So, the next time you feel like going to beat some golf balls at the driving range, think twice about what’s going to improve your score. Sure a 300 yard drive with a little draw that splits the fairway looks pretty, but I got news for you: there are no pictures on a scorecard, only numbers. If you get bored on the putting green, find someone to challenge. Play for nickels, quarters, and dimes on the golf course. Use training tools and drills when you are practicing your short game.

Kathy Whitworth once said, “It’s usually the player who misses those three-footers, not the putter.” With that in mind, remember that a 300 yard drive counts the same as a 3 foot putt.

If you would like more statistics and standings, visit the PGA Tour homepage.

What portion of every practice session do you spend on or around the putting green?

Photo via The Washington Post

Belly Putters: A Thing of the Past?

In November of 2012, the USGA and R&A announced in a press release that they propose changes to the Rules of Golf that will prohibit players from anchoring a club to their body while making a putting stroke. Although this change has been in the rear-view mirror for quite some time, it’s not as drastic as you may think. We all thought the new rule change, which will take effect in January of 2016, would ban the use of belly and long putters. Instead, the USGA and R&A have decided that the new rule change will have no effect on the current equipment rules, it will only effect the putting stroke itself. This regulation is being implemented to maintain the fundamental characteristics of the putting stroke.

Proposed Changes to Rule 14-1
The proposed change would relabel current Rule 14-1 as Rule 14-1a, and establish Rule 14-1b as described below:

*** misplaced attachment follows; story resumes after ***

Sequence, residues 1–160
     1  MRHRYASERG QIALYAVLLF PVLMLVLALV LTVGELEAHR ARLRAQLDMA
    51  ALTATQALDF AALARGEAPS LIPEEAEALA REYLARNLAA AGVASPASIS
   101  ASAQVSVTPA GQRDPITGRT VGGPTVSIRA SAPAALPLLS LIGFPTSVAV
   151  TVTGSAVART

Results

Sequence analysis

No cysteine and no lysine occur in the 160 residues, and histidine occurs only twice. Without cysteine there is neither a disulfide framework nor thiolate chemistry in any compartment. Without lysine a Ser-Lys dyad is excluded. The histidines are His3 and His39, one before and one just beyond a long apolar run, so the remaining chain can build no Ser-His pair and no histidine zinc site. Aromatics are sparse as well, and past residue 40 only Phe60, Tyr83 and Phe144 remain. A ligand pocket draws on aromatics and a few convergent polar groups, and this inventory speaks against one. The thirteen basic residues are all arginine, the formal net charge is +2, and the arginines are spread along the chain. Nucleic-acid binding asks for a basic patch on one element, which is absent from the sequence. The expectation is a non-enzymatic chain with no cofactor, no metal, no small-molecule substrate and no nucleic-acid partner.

14-1b Anchoring the Club
In making a stroke, the player must not anchor the club, either “directly” or by use of an “anchor point.”

Note 1:  The club is anchored “directly” when the player intentionally holds the club or a gripping hand in contact with any part of his body, except that the player may hold the club or a gripping hand against a hand or forearm.

Note 2:  An “anchor point” exists when the player intentionally holds a forearm in contact with any part of his body to establish a gripping hand as a stable point around which the other hand may swing the club.”

If you want more information on the new rule changes, you can visit the USGA or the R&A websites.

In short, anchoring the club was a technique created as a last resort, and was not meant as a preferred method of putting. Until recently (the last 30 years) the putting stroke was free swinging and the USGA and R&A have shown that they intend to keep it that way. What does this mean for you and me? All it means is, don’t get rid of your putter or throw out your current stroke until 2016. And when the rule change does go into effect in 3 years, you have a few options. You can get a new putter or figure out how to use your belly/long putter without anchoring it.

If you have a belly/long putter, what will you do when the Rules of Golf change in 2016?